In Faragher v. Boca Raton, Faragher, a lifeguard, brought action against her supervisors and the city under Title VII of the Civil Rights Act of 1964, stating her supervisors had created a hostile work environment by making lewd comments, and offensive touching. In the Supreme Court’s decision, they held that “an employer is subject to vicarious liability to a victimized employee for an actionable hostile environment created by a supervisor with immediate authority over the employee. When no tangible employment action is taken, a defending employer may raise an affirmative defense to liability or damages, subject to proof by preponderance of the evidence.” In 1998, in Burlington Industries, Inc. v. Ellerth, the Supreme Court held that under Title VII, “an employee who refuses the unwelcome and threatening sexual advances of a supervisor, yet suffers no adverse, tangible job consequences, may recover against the employer without showing the employer is negligent or otherwise at fault for the supervisor’s actions, but the employer may [apply] an affirmative defense.”
When the supervisor’s harassment does not involve an adverse tangible employment action, such as termination based on discrimination, an employer can avoid vicarious liability for a supervisor’s action through the use of the affirmative defense. Because Cooper failed to show up for work when called, he was terminated because of his actions rather than his alleged disability. Therefore, the Eleventh Circuit ruled that the Faragher-Ellerth defense is available to the employer in response to Cooper’s claim.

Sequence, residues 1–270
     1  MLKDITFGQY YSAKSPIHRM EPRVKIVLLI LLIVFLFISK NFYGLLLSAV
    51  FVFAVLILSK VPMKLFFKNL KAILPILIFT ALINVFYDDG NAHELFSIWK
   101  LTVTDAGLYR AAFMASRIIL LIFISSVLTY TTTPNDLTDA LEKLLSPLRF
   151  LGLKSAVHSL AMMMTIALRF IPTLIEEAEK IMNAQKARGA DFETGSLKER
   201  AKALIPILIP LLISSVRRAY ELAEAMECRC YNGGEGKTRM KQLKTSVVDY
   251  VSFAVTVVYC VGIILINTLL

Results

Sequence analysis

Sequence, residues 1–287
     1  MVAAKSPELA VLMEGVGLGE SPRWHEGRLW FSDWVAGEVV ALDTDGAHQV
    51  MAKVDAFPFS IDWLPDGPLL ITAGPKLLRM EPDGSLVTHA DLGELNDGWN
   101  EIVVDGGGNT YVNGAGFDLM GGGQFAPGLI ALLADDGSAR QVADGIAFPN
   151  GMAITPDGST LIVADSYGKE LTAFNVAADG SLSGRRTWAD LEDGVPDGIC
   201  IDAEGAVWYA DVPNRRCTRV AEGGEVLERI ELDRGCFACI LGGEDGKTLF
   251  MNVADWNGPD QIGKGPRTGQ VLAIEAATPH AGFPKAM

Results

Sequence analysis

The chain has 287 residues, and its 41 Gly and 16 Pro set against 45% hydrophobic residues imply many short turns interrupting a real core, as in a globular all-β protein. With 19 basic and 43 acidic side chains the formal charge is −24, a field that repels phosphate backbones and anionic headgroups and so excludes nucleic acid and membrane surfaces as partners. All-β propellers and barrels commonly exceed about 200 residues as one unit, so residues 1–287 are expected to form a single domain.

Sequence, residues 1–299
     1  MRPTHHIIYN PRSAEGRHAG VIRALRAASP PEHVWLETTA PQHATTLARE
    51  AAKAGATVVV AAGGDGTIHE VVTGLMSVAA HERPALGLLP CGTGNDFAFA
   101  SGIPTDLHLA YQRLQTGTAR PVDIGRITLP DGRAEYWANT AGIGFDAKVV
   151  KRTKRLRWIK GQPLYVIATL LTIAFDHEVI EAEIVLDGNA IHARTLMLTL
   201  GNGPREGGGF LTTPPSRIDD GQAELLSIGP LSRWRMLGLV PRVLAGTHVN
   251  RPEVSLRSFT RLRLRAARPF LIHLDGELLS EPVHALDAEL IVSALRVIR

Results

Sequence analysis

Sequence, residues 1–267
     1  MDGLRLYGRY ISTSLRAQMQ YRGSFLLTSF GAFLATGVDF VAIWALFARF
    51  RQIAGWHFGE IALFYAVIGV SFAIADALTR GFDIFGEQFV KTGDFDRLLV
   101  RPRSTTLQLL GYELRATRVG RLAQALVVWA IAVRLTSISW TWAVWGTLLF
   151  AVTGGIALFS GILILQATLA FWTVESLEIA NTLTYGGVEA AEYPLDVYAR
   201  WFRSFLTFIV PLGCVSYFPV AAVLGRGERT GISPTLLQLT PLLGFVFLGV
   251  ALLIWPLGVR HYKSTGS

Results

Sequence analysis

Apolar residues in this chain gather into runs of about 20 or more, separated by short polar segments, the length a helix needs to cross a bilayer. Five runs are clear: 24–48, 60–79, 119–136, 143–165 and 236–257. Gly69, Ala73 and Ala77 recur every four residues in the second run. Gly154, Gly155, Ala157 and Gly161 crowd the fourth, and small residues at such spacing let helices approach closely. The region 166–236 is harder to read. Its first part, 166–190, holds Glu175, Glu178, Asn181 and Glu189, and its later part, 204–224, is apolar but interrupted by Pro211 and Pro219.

An employer can meet the initial burden of exercising reasonable care by instituting and disseminating an anti-harassment policy. At the very least, employers must institute a procedure where employees may report harassment to someone other than the offending supervisor. CLP had an anti-harassment policy that prohibited discrimination and harassment, which employees were trained on during orientation and which was widely disseminated. Employees also were made aware that they are to report harassment to the Human Resources Director. Cooper admitted he was aware of the anti-harassment policy, as well as the procedure for reporting harassment, which he failed to follow. The Court of Appeals agreed with the district court and determined the employer exercised reasonable care to prevent and correct any harassing behavior against employees.
Asserting the Faragher-Ellerth affirmative defense requires that an employee unreasonably fail to use a complaint procedure provided by the employer. Cooper failed to report his harassment to the proper supervisor, therefore failing to properly put CLP on notice of the harassment. Due to Coopers’ improper reporting of the harassment, CLP was entitled to assert the Faragher-Ellerth affirmative defense.
The Eleventh Circuit Court of Appeals determined the district court did not err in granting summary judgment in favor of CLP, and affirmed the court’s decision with regards to the ADA claim of discrimination. CLP was allowed to use the Faragher/Ellerth affirmative defense, and the Court of Appeals agreed with the district court that CLP was not properly put on notice to be liable for Holmes’s actions.
An employer may use Faragher-Ellerth affirmative defense against harassment claims from employees if they took no tangible adverse employment action against the plaintiff, took reasonable care to prevent and correct any harassing behavior against employees, and the employee failed to utilize corrective measures.